What is the history of the hockey stick, and how is it designed?

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Lori Steinbach eNotes educator| Certified Educator

Hockey is a sport that does not require much in the way of equipment; however, one of the things players cannot play without is a stick. It is easy to visualize a frozen pond and a group of neighborhood kids with random sticks pushing some kind of a ball or chunk of wood around until they get it through some markers. This was undoubtedly what hockey once looked like, and the basic elements of this scenario have not changed. 

As the sport became more formalized, so did the equipment which was used. Hockey sticks were made of wood for many years. Though the actual origins of the game are up for debate,

there is little dispute that some of the first commercial hockey sticks are honed by Mi’kmaq carvers in Nova Scotia. 

These expert carvers generally used wood from ironwood trees (also known as hornbeam trees) or yellow birch, among others. The best wood for the sticks must be both flexible and strong--in the correct proportions. The wood needed to be flexible because the sticks were carved in one piece. 

The long part of a hockey stick is called the shaft and comes in various lengths; the bottom part that touches the ice is called the blade and is usually 10-15 inches long. The part that connects the two is called the taper, and the angle is generally close to 45 degrees.

In the 1920s, the Hespeler Stick Company was the first to make hockey sticks in two parts, the shaft and the blade. The earliest models reportedly had significant problems with the glue that held the two pieces together. When the glue got too cold, which of course is a distinct possibility in hockey, it was no longer effective. Over the next 30 or 40 years, hockey sticks are made in two and even three parts, and fiberglass is used to coat the sticks and add durability to them.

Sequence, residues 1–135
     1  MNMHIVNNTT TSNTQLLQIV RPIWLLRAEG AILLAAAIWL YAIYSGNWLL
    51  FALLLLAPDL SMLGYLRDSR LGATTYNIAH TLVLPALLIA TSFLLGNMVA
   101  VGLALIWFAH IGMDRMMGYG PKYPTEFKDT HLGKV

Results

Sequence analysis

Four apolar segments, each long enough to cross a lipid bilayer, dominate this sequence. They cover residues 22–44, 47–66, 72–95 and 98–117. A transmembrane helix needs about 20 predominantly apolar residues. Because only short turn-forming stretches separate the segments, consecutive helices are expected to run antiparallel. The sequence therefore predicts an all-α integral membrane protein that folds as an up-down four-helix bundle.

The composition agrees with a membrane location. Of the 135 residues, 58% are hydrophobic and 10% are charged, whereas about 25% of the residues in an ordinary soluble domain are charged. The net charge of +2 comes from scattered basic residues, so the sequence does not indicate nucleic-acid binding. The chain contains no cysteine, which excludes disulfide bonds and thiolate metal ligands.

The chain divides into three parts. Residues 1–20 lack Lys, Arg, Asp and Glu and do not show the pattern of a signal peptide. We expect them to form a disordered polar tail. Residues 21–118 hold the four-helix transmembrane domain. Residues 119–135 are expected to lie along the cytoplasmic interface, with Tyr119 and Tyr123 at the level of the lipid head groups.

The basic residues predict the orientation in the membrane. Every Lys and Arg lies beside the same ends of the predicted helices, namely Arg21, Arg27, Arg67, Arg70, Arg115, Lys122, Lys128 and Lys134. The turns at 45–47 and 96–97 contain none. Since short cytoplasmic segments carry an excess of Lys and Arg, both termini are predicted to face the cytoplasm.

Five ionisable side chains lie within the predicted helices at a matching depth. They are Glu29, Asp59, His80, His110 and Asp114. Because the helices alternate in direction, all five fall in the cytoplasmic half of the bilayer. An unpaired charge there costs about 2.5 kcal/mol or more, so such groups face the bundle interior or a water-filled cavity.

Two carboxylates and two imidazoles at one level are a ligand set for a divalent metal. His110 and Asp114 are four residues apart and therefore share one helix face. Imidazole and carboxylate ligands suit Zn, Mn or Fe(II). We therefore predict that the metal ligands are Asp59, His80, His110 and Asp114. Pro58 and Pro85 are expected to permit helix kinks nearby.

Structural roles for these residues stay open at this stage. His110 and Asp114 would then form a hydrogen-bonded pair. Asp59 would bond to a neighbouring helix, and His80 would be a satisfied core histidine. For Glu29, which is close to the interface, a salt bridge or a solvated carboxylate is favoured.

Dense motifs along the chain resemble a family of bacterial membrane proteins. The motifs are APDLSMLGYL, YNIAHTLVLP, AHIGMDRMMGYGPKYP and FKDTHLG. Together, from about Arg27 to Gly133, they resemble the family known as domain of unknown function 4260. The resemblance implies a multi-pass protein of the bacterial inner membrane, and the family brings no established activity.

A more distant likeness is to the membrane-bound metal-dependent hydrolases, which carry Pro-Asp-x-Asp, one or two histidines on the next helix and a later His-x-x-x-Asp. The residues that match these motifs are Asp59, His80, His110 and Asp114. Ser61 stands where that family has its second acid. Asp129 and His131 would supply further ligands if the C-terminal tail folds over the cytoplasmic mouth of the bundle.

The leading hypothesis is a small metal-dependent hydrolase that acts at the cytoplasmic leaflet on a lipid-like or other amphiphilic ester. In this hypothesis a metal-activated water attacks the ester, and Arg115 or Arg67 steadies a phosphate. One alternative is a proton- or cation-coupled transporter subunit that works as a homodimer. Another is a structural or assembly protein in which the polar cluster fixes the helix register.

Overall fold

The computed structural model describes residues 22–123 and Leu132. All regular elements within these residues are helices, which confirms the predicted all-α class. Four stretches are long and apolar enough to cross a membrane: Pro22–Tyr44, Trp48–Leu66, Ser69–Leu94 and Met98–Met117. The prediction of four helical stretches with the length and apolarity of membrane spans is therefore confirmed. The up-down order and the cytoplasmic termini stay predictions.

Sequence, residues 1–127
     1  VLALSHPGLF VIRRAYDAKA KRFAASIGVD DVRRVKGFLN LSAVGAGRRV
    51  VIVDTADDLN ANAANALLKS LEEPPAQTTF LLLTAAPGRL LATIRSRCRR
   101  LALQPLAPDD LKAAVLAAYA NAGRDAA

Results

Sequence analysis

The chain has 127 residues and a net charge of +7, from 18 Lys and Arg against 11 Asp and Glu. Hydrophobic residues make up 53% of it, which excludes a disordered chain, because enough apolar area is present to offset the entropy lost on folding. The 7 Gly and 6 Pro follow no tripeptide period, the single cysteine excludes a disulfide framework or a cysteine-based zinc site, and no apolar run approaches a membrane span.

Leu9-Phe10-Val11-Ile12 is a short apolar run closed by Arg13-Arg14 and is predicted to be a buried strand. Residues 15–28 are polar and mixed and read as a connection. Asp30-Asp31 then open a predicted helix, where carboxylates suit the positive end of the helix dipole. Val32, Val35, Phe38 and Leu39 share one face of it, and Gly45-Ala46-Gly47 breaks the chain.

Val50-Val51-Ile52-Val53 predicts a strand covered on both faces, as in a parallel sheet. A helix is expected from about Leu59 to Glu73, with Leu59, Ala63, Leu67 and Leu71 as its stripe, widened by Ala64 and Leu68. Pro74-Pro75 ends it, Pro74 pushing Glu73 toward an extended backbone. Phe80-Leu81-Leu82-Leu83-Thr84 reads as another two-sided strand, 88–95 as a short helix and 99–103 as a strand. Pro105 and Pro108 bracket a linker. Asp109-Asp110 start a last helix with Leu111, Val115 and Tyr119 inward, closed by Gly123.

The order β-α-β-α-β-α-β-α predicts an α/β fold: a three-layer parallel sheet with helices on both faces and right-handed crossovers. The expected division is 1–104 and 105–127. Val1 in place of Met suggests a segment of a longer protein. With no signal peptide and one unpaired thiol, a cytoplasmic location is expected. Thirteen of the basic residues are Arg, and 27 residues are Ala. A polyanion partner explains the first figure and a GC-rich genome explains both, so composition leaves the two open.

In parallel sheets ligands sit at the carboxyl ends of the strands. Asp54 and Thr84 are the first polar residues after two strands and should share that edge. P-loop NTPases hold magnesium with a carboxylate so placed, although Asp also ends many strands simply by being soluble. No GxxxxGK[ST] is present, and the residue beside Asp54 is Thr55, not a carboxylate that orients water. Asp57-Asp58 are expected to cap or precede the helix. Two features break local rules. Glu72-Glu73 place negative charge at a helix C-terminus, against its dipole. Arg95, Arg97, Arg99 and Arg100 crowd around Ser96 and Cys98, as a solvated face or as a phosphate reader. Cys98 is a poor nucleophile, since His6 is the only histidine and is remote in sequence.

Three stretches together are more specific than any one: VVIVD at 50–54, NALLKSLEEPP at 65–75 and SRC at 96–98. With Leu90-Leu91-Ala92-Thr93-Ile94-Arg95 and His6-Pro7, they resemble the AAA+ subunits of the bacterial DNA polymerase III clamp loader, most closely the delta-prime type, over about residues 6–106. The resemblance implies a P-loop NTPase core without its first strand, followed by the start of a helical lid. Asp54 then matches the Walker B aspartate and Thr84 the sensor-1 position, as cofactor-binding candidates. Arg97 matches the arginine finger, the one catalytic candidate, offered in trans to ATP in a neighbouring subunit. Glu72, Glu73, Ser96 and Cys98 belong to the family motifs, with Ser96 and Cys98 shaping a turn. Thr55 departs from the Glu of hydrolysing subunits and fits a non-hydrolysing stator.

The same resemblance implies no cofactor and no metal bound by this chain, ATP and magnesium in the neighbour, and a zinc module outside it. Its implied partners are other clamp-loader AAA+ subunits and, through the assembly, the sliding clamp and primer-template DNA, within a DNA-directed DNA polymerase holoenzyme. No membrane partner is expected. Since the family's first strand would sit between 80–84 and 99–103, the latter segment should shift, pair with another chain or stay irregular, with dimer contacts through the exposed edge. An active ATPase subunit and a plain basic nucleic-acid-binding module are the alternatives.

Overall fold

The next major change happens in the 1960s when several players, including Stan Mikita and Bobby Hull (of the Chicago Blackhawks) deliberately change the shape and bend of their sticks. Mikita broke the blade of his stick and re-taped it into the shape of a "V" and was thrilled with the results. These teammates begin heating their sticks with hot water and reshaping them, something which was probably being done by other players but was made popular by this dynamic duo. 

At some point, however, the hand-crafted bend in sticks became a problem precisely for the same reason the players liked to use them: their unpredictability. Precisely because they were unpredictable, these sticks made the game much more dangerous than anyone was comfortable with, so the NHL changed the rule in the 1967-68 season, limiting the curve of a stick to one inch. Several years later, the number was reduced to half an inch, which is the current rule. The NHL also had to limit the length of sticks to between 150-200 centimeters.

While the puck has to be the same for everyone in the NHL, sticks can reflect the preferences of the players within the guidelines set by the league. As technology has progressed, hockey sticks have been made of aluminum, fiberglass, graphite, kevlar, and other composites. Composite materials weigh less, have greater flexibility, and are less flawed than wood, which is why nearly every player in the NFL uses a composite stick. Many companies make hockey sticks of all kinds, and players are able to choose the kind and brand they prefer, similar to baseball players and baseball bats. Famous players like Wayne Gretzky have made millions of dollars in endorsement deals to promote their favorite brand of stick.

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